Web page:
• 1 inch 116.2mm2
  • 20.2 megapixels
  • 24mm - 200mm (35mm eq.)
  • 1/1.7 inch 43.3mm2
  • 12.0 megapixels
  • 28mm - 300mm (35mm eq.)

Buy From

Differences

Sony RX10 advantages over Olympus Stylus 1

  • Focus peaking
    Peaker vs Non-peaker
    Your camera will highlight what's in focus
  • Larger sensor
    1 inch vs 1/1.7 inch
    More sensor area. Bigger is (generally) better.
  • Bigger pixels
    ~ 2.41 vs 1.92 microns
    Better low-light and dynamic range (all else equal)
  • In-camera panoramas
    Yes vs No
    Stitches multiple shots into a panoramic photo
  • Shoots 60p video
    Yes vs No
    A faster framerate can give you more editing options
  • Top deck display
    Yes vs No
    Check settings with a screen on top of the camera
  • External Mic Jack
    Jack vs No jack
    Improved sound fidelity when shooting video
  • Headphone jack
    Yes vs No
    Monitor audio recording while you shoot video
  • More pixels
    20.2 vs 12.0 megapixels
    Higher resolution photos
  • Shoots 24p video
    Yes vs No
    Gives your movies a big-screen feel
  • Wider angle lens
    24 mm vs 28 mm
    Capture more of the scene
  • Higher extended ISO
    25600 vs 12800 ISO
    Higher extended ISO can give more low-light flexibility
  • Faster shutter
    1/3200 vs 1/2000 sec
    Shoot wide open in bright light

Olympus Stylus 1 advantages over Sony RX10

  • Less expensive
    $599 vs $998
    Save money for lenses or accessories
  • More lens zoom
    10.7x vs 8.3x
    Zooming is easier than walking
  • Fast startup
    ~1.30 vs 2.0 sec
    Faster startup lets you catch the moment
  • Touchscreen
    Touch vs No touch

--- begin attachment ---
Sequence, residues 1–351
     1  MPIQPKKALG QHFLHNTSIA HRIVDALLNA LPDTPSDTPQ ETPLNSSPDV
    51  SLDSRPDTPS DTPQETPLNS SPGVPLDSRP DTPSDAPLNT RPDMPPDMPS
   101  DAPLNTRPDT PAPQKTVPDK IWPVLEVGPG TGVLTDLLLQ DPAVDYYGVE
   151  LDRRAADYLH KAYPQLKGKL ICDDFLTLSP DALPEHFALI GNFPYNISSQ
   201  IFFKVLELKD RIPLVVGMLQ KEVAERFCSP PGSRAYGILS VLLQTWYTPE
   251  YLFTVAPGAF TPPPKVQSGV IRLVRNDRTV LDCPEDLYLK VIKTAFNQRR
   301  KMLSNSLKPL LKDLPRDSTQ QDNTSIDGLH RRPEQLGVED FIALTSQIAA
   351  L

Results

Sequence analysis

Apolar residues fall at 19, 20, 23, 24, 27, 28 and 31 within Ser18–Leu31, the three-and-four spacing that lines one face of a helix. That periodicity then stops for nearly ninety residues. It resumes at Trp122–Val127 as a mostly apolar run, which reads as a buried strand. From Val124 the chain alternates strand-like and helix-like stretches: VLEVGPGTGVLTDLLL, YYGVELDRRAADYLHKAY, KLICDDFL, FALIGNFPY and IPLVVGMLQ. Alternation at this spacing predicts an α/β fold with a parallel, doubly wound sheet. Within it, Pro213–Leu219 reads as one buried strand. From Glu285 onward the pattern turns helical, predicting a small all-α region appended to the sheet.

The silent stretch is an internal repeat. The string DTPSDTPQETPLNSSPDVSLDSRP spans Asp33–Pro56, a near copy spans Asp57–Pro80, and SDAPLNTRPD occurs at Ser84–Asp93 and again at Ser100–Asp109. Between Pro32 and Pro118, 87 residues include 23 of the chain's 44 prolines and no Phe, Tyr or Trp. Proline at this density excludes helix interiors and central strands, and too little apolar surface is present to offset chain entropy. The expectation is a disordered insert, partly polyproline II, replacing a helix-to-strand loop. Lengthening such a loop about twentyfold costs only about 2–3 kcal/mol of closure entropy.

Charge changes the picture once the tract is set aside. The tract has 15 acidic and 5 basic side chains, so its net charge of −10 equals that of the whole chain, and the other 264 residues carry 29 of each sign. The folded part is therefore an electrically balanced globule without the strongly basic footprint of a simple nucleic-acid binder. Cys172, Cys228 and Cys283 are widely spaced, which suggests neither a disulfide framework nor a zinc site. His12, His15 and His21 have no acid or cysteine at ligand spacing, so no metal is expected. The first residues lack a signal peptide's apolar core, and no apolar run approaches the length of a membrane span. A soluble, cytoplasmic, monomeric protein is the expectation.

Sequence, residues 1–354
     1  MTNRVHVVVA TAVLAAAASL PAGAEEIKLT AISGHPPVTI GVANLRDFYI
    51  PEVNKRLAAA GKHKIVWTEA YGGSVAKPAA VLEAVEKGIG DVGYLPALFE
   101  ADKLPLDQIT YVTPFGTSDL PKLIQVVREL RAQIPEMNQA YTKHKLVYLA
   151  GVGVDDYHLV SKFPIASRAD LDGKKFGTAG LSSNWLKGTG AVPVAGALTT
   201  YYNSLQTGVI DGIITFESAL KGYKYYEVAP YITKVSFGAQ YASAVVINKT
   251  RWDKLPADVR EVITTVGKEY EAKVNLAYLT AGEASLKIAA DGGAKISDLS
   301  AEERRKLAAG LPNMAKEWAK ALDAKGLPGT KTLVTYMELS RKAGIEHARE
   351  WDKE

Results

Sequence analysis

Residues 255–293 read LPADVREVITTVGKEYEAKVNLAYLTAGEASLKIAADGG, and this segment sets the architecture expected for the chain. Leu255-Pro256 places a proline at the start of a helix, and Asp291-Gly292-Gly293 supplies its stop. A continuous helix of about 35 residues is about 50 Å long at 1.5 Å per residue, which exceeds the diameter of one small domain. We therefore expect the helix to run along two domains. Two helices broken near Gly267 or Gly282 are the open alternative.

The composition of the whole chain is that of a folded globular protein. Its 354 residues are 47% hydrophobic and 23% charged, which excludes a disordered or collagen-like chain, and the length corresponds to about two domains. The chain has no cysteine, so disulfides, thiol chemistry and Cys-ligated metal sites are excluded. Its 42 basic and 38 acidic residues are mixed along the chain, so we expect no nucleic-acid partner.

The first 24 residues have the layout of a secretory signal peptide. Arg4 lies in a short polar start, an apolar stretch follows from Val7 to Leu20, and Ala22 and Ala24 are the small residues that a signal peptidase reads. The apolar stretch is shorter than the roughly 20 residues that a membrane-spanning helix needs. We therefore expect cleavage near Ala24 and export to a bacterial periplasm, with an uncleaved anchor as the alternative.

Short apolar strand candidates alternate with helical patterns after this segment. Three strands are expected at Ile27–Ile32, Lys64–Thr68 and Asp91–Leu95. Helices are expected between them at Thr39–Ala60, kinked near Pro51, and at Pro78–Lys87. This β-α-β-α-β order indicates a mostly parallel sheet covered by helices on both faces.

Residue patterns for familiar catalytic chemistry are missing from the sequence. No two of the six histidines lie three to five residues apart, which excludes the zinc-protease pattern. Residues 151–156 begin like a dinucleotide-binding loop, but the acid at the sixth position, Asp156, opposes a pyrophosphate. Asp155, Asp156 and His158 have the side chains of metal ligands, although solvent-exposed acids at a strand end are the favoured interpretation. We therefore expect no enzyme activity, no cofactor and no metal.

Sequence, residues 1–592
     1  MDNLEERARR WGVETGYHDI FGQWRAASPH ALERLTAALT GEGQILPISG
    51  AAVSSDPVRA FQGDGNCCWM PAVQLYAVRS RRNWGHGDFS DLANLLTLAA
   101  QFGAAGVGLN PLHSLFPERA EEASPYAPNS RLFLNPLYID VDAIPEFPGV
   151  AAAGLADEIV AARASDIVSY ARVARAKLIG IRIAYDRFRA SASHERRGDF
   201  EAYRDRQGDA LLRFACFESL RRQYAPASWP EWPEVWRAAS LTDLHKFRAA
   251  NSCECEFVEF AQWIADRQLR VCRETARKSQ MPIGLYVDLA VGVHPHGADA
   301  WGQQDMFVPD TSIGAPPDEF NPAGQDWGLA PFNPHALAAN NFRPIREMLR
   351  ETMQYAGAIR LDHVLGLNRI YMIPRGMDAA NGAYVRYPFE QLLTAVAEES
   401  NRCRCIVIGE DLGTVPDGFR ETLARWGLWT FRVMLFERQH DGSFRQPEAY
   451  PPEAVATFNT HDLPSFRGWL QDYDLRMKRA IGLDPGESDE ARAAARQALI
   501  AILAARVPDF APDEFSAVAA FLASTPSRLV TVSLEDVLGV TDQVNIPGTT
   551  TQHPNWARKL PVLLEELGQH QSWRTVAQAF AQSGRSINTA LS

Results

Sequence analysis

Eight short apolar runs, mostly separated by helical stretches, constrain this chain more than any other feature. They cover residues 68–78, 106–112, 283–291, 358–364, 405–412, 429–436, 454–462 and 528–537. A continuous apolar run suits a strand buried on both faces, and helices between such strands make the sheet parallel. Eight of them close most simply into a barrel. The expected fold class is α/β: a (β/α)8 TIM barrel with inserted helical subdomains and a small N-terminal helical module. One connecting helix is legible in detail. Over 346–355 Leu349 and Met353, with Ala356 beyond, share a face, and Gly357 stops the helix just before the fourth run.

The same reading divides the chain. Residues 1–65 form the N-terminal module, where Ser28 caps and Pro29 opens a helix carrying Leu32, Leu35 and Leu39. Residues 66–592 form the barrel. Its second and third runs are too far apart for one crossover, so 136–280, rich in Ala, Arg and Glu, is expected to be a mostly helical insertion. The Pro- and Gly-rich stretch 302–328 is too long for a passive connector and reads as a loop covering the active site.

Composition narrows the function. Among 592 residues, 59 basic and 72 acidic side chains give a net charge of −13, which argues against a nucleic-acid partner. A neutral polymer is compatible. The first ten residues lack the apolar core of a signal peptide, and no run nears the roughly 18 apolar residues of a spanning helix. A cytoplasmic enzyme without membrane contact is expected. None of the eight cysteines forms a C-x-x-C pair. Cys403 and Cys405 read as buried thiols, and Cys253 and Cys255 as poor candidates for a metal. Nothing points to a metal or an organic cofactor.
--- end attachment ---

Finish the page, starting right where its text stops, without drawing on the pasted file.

Select your focus point more intuitively.
  • Thinner
    56 mm vs 102 mm
    Thinner
  • Lighter weight
    404g vs 832g
    Lighter weight
  • Bigger JPEG buffer
    Unlimited vs 21 shots
    Take more JPEG shots before waiting (burst mode)
  • Longer exposure
    60 vs 30 sec
    Long exposures for night shots
  • Slow-motion videos
    Yes vs No
    Shoot slow-motion videos
  • Bigger RAW buffer
    32 vs 10 shots
    Larger buffer for RAW shots (burst mode)

Similarities

Common Strengths

  • Tiltable Screen
    Both provide
    Tilt the screen for shooting flexbility
  • RAW file ability
    Both provide
    Gives you more flexibility to develop your photos later
  • Eye-level viewfinder
    Both provide
    You'll be able to frame photos even when the sun is out
  • In-Camera Image Stabilization
    Both provide
    Reduces the effects of camera shake at slower shutter speeds
  • Wi-Fi
    Both provide
    Share your photos wirelessly
  • Manual focus
    Both provide
    AF is for the weak. Real photographers focus manually.
  • Integrated ND filter
    Both provide
    Shoot in daylight with a large aperture or slow shutter
  • HDMI out
    Both provide
    Use an external screen to monitor or review video
  • Hot shoe
    Both provide
    Off-camera flashes open new possibilities
  • Internal flash
    Both provide